Aluminum Passes Iron in Ranking of Automotive Materials

March 12, 2006
Study shows North American passenger vehicles average 319 lb of aluminum

A new research study commissioned by The Aluminum Association Inc. contends that aluminum has surpassed iron in volume by content for automobiles manufactured worldwide. The ranking places aluminum second among all metals by volume in vehicles.

The study was commissioned by the Aluminum Assn.'s Auto & Light Truck Group and conducted by Ducker Worldwide. The ALTG promotes automotive aluminum with the goal of accelerating its use in the industry, via research programs and related outreach activities.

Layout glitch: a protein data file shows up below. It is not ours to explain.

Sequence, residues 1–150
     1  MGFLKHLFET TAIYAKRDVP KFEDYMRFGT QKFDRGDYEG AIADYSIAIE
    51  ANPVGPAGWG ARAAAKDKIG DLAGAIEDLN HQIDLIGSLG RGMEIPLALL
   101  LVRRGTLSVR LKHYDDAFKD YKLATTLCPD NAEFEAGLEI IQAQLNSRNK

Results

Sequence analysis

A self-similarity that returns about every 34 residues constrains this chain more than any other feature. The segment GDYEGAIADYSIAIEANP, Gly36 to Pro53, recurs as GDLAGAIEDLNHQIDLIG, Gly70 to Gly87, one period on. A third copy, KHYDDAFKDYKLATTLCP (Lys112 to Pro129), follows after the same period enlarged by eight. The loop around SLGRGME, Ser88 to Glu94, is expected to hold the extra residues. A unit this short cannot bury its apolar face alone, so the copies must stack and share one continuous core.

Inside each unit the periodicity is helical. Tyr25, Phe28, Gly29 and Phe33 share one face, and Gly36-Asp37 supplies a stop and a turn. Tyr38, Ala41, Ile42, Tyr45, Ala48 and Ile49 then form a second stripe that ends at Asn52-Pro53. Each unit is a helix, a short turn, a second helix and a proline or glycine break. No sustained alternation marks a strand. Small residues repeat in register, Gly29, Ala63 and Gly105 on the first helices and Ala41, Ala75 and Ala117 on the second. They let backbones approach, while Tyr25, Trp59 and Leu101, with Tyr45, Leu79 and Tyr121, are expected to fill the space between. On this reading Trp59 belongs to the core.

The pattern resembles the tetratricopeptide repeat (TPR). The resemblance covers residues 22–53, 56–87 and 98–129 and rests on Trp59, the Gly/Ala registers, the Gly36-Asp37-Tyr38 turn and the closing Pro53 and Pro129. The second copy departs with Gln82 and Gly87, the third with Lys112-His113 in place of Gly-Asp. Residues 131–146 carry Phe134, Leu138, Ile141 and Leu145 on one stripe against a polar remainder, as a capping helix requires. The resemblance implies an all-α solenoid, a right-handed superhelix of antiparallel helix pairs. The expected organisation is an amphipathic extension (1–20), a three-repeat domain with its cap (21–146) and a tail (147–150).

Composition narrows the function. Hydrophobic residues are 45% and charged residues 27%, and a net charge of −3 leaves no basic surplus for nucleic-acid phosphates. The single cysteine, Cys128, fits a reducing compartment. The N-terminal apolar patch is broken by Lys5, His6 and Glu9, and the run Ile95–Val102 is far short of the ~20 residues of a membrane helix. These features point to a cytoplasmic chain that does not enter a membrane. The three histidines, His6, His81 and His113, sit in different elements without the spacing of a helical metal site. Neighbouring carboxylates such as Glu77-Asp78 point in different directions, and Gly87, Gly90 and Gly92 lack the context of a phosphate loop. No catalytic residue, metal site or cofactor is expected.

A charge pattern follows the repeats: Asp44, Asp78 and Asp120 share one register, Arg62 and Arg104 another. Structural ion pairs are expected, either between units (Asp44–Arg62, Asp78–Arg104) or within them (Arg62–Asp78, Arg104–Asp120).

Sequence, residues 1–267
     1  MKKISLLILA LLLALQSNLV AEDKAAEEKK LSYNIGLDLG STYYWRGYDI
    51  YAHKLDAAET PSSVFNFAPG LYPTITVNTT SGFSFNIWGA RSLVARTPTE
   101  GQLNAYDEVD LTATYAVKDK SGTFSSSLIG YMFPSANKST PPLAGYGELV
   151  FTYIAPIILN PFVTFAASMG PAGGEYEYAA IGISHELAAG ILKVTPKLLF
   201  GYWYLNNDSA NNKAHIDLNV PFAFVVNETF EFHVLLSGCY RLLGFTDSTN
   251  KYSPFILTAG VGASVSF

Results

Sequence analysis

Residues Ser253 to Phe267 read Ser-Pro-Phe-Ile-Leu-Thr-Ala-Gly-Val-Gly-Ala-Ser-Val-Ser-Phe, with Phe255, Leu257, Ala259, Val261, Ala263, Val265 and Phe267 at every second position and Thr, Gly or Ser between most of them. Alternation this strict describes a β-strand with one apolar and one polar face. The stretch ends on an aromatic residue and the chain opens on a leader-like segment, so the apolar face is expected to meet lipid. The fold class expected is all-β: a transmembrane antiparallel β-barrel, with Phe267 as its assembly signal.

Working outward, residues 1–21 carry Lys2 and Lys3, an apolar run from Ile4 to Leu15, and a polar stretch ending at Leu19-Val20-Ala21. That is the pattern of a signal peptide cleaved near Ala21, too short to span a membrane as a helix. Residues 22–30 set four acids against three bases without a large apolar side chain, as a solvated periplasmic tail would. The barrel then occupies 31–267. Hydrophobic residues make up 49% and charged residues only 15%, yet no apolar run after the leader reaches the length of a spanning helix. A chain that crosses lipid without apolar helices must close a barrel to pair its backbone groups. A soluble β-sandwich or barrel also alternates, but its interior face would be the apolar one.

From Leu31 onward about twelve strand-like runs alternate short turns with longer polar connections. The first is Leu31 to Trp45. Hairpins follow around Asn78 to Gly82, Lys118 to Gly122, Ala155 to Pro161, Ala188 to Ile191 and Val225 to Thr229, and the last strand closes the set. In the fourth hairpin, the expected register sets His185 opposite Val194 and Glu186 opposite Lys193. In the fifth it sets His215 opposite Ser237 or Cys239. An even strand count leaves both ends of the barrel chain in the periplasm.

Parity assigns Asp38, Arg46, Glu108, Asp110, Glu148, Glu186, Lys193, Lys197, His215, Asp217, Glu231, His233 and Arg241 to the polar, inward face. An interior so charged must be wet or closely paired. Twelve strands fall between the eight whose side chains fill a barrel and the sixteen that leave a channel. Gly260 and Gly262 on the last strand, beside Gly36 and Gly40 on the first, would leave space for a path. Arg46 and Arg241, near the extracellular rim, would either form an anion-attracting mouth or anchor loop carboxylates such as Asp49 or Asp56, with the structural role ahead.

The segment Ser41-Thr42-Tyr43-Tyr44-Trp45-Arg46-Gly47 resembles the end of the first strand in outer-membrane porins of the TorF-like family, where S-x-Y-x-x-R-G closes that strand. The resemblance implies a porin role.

Ducker is a business-to-business research, analysis, and strategy consultancy for technically oriented markets, including automotive, metals and materials, industrial equipment, and building and construction.

The study discovered that passenger vehicles in North America now contain an average of 319 lb of aluminum, a 16% increase from 2002 data. Only steel continues to have a higher volume in passenger cars.

"Aluminum penetration in the auto industry continues to surpass competing materials as leading automakers recognize the metal's value in boosting fuel economy, performance and safety, while reducing emissions. With today's sky high fuel prices, rising global warming concerns and increasing safety demands, aluminum is a proven solution today, with even greater promise for tomorrow," said Misha Riveros-Jacobson, president of advanced transportation systems for Alcoa.